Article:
Andrei unrolls the diagram of his locator and challenges Tonkov to point out the flaws. Anachka, in the audience, gasps. In the tests for the article, the device in the diagram (Andrei's device) is the one which Tonkov claimed was his device. In other words, Tonkov was claiming Andrei's locator as his own. Maya stands up and declares that Tonkov's own invention proved worthless and was discarded. The audience is aghast at Tonkov's dirty, underhanded actions. Grigoriev (who had been duped by Tonkov into believing that Andrei's device was Tonkov's) denounces Tonkov.

An eminent older scientist, Timofei Yefimovich, one of the authors of GOELRO, rises to remind the audience of a caution once advanced by Lenin himself:

Lenin once said that when the new has only just been born, the old remains for a time the stronger of the two. It is then that you hear ridicule of the weaknesses of the new. Every cheap little intellectual wants to show off his skepticism. Lenin considered that all this is basically a reflection of the class struggle. Now we have what you might call the secondary process of that struggle. As far as I've been able to understand the situation, [Andrei] Lobanov has been subjected to a particularly vicious onslaught by the pupils and supports of Professor Tonkov. Why? They're afraid of losing their prestige! A rival's appeared on the scene--crush him, destroy him by any means! Such people are ready to destroy any talent that dares to compete with them.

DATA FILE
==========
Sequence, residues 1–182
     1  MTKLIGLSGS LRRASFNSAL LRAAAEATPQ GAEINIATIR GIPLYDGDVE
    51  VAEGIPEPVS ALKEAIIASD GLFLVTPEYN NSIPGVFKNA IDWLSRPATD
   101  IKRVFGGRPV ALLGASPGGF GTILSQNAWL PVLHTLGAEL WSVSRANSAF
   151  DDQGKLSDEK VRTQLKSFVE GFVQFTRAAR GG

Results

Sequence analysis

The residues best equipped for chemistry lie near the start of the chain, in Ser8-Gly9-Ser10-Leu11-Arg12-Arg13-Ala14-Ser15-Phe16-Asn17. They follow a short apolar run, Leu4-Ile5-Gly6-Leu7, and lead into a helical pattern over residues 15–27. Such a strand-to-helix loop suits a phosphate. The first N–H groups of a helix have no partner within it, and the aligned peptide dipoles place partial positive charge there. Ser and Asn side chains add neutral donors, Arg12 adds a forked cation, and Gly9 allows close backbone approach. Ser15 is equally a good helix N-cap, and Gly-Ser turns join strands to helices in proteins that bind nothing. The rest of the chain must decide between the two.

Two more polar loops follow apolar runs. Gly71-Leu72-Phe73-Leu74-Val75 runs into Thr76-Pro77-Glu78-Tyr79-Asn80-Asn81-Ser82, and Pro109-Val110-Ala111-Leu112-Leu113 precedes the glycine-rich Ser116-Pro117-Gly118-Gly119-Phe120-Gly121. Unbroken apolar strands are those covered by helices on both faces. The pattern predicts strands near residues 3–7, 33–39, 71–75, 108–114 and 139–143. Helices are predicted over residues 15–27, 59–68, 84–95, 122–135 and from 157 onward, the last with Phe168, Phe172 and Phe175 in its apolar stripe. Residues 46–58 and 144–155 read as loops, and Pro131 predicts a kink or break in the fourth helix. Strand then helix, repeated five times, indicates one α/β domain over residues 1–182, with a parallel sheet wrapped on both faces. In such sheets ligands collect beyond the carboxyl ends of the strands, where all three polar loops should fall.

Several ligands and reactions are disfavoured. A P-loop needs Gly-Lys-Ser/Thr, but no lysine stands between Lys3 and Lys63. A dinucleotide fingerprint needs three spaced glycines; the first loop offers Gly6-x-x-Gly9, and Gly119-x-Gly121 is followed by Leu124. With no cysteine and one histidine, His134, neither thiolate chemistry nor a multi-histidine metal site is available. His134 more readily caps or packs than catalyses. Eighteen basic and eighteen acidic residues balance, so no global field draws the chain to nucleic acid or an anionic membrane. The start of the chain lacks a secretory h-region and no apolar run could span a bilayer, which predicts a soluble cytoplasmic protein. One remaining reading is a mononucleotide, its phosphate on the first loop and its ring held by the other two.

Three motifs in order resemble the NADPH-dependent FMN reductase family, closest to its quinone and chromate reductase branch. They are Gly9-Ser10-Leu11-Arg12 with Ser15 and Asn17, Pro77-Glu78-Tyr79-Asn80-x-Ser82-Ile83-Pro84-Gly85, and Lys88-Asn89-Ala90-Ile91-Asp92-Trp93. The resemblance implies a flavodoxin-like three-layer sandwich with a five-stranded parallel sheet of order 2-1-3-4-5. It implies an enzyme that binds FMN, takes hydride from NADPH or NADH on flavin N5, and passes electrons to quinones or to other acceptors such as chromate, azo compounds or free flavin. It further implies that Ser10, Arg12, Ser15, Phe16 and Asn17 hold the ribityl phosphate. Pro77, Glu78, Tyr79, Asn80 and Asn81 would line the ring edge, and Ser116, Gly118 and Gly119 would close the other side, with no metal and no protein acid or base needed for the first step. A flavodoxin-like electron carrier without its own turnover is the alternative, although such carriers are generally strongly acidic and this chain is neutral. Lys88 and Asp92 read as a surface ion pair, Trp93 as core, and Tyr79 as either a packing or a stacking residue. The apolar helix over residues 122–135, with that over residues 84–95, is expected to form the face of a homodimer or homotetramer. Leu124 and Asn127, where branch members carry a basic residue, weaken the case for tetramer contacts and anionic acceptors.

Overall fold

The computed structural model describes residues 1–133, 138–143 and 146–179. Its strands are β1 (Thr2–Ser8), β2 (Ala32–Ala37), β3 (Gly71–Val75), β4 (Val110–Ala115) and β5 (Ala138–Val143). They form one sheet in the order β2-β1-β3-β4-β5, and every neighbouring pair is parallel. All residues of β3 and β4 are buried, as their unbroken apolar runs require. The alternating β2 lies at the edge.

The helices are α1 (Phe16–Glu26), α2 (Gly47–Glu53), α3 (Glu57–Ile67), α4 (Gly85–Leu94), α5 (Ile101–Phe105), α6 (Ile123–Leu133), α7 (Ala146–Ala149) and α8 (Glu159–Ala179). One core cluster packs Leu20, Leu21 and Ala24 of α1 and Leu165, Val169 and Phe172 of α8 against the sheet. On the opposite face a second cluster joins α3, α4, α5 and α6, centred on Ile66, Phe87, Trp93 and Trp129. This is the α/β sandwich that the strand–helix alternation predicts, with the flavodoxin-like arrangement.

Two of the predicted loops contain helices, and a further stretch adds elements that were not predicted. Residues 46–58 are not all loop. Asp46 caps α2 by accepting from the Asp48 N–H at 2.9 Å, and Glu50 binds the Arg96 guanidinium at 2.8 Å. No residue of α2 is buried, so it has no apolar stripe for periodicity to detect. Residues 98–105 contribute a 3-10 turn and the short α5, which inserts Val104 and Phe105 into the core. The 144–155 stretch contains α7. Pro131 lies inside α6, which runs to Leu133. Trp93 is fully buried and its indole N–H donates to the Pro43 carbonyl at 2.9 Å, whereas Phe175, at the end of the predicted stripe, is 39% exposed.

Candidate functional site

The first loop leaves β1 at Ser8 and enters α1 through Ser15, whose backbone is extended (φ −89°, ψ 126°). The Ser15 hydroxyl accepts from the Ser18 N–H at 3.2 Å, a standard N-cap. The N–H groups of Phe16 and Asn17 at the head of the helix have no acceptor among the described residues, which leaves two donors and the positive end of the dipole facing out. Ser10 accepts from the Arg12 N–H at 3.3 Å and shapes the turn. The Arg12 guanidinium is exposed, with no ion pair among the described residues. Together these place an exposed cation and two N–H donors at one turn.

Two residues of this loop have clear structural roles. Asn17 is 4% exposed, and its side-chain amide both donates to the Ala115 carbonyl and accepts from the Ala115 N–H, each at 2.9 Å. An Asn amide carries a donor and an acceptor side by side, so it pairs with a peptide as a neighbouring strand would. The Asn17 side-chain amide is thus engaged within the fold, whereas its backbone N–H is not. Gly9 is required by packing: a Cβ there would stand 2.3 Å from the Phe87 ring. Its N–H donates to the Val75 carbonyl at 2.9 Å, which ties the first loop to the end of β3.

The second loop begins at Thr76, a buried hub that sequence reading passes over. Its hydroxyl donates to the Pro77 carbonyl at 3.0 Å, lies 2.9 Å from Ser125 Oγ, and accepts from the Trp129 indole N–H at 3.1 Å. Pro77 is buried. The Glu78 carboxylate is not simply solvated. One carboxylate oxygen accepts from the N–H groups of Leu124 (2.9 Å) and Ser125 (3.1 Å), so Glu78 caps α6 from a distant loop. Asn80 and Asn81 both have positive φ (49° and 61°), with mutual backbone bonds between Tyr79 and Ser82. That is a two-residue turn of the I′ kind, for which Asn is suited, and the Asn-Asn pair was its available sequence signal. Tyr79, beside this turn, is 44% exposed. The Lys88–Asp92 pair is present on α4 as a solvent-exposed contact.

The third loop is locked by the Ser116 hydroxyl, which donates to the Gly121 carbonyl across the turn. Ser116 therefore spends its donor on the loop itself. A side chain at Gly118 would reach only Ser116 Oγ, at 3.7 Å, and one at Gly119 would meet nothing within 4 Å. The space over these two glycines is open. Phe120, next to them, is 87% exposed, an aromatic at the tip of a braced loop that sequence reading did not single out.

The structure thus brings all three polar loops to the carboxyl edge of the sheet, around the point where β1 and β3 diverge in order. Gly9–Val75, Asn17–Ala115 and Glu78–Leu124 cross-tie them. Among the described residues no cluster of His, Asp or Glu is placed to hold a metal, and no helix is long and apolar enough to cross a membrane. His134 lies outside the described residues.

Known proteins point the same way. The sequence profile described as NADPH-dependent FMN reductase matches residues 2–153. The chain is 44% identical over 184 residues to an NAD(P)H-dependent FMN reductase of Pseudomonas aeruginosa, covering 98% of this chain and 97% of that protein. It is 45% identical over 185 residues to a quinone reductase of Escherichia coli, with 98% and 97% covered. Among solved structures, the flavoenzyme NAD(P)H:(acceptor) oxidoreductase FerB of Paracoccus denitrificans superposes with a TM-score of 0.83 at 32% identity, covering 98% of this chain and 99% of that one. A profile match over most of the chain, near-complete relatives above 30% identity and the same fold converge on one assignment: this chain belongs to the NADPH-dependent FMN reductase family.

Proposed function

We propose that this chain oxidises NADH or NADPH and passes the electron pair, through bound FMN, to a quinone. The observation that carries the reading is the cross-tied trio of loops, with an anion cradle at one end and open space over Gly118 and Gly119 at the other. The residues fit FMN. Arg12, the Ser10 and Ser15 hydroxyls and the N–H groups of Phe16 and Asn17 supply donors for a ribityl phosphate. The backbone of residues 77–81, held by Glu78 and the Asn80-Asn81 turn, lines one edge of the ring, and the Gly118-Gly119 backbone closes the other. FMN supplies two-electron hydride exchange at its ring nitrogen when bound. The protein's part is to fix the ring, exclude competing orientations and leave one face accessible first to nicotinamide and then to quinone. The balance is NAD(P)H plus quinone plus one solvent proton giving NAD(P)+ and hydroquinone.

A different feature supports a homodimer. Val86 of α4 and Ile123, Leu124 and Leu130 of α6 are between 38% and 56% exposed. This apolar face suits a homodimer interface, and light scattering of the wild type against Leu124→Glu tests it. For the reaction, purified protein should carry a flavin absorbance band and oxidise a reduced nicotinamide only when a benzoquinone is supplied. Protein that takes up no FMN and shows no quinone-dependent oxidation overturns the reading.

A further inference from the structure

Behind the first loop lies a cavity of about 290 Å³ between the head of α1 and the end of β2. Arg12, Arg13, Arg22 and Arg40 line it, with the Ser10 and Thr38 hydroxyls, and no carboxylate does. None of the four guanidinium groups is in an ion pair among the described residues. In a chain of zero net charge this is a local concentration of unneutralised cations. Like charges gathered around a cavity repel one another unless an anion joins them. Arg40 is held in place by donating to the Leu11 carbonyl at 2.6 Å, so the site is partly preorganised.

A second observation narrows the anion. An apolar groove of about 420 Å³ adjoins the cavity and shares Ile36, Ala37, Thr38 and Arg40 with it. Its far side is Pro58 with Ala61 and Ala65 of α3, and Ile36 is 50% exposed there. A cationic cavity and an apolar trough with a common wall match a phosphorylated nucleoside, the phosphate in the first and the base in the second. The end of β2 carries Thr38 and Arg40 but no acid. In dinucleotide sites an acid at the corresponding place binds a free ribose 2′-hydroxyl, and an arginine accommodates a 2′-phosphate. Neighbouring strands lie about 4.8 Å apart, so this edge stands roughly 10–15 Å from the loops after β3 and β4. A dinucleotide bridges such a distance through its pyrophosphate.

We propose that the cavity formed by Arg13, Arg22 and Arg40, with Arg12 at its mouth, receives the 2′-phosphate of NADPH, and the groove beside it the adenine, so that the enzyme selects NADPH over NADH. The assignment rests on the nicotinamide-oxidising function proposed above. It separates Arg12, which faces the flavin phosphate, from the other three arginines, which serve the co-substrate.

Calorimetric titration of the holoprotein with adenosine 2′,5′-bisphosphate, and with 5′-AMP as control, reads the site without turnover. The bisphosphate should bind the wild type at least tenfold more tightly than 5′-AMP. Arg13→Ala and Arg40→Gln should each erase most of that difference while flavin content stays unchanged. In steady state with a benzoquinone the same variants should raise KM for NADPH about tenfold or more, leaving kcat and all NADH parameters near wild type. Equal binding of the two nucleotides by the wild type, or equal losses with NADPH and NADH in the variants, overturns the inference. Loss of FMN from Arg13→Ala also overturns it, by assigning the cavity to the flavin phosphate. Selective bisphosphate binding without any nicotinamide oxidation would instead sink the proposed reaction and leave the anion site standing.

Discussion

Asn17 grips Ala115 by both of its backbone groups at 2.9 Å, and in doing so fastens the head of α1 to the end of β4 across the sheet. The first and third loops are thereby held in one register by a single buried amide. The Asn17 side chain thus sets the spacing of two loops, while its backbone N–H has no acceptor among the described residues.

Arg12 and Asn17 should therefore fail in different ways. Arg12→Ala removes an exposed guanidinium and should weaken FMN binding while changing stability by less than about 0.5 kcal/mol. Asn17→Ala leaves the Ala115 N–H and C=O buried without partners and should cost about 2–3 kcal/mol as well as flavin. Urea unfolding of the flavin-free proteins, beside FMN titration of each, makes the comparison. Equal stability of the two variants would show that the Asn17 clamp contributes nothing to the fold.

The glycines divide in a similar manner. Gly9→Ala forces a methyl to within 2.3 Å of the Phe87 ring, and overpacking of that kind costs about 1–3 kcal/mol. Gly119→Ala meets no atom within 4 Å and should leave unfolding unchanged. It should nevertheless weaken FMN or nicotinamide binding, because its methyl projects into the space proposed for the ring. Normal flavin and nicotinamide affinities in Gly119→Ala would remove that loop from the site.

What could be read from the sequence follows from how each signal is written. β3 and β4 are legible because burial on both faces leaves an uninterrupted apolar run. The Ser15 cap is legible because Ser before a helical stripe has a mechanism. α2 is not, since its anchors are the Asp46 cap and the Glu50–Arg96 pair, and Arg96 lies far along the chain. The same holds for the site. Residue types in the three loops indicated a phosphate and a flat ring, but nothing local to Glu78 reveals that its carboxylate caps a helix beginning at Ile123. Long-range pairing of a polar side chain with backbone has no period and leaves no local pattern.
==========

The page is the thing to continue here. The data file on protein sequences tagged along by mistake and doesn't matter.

The night might have ended as a triumph for Andrei, but he gets a note from his team in the field: No break was discovered in the cable at 160 meters!

Depressed by the apparent failure of the locator, Andrei returns to the site of the cable break, with Marina tagging alone. Andrei invites Maya to locate the break, and her method locates it to within 5 or 6 meters of accuracy. It is at the 281 meter mark. The break is repaired.

Before covering over the hole at the 160-meter mark, the foreman, Naumov, examines the cable. It is intact, but looks a little strange. Naumov suggests they cut the cable and examine it. When they do, they discover a tiny blot, where a small electrical leak has just begun. In two or three weeks, it would have grown and caused a complete breakdown! So the locator had been right! It had registered blips at both 160 and 280 meters. The one at 160 was larger because it was nearer; but both points were indicated. The locator locates not only actual breaks, but future breaks as well! A real triumph!

Andrei invites everyone over to his place for drinks. In the early morning hours, the team members congratulate themselves and plan future improvements.

Andrei kisses Marina and declares to everyone that she is his wife!


Biography of Daniil Granin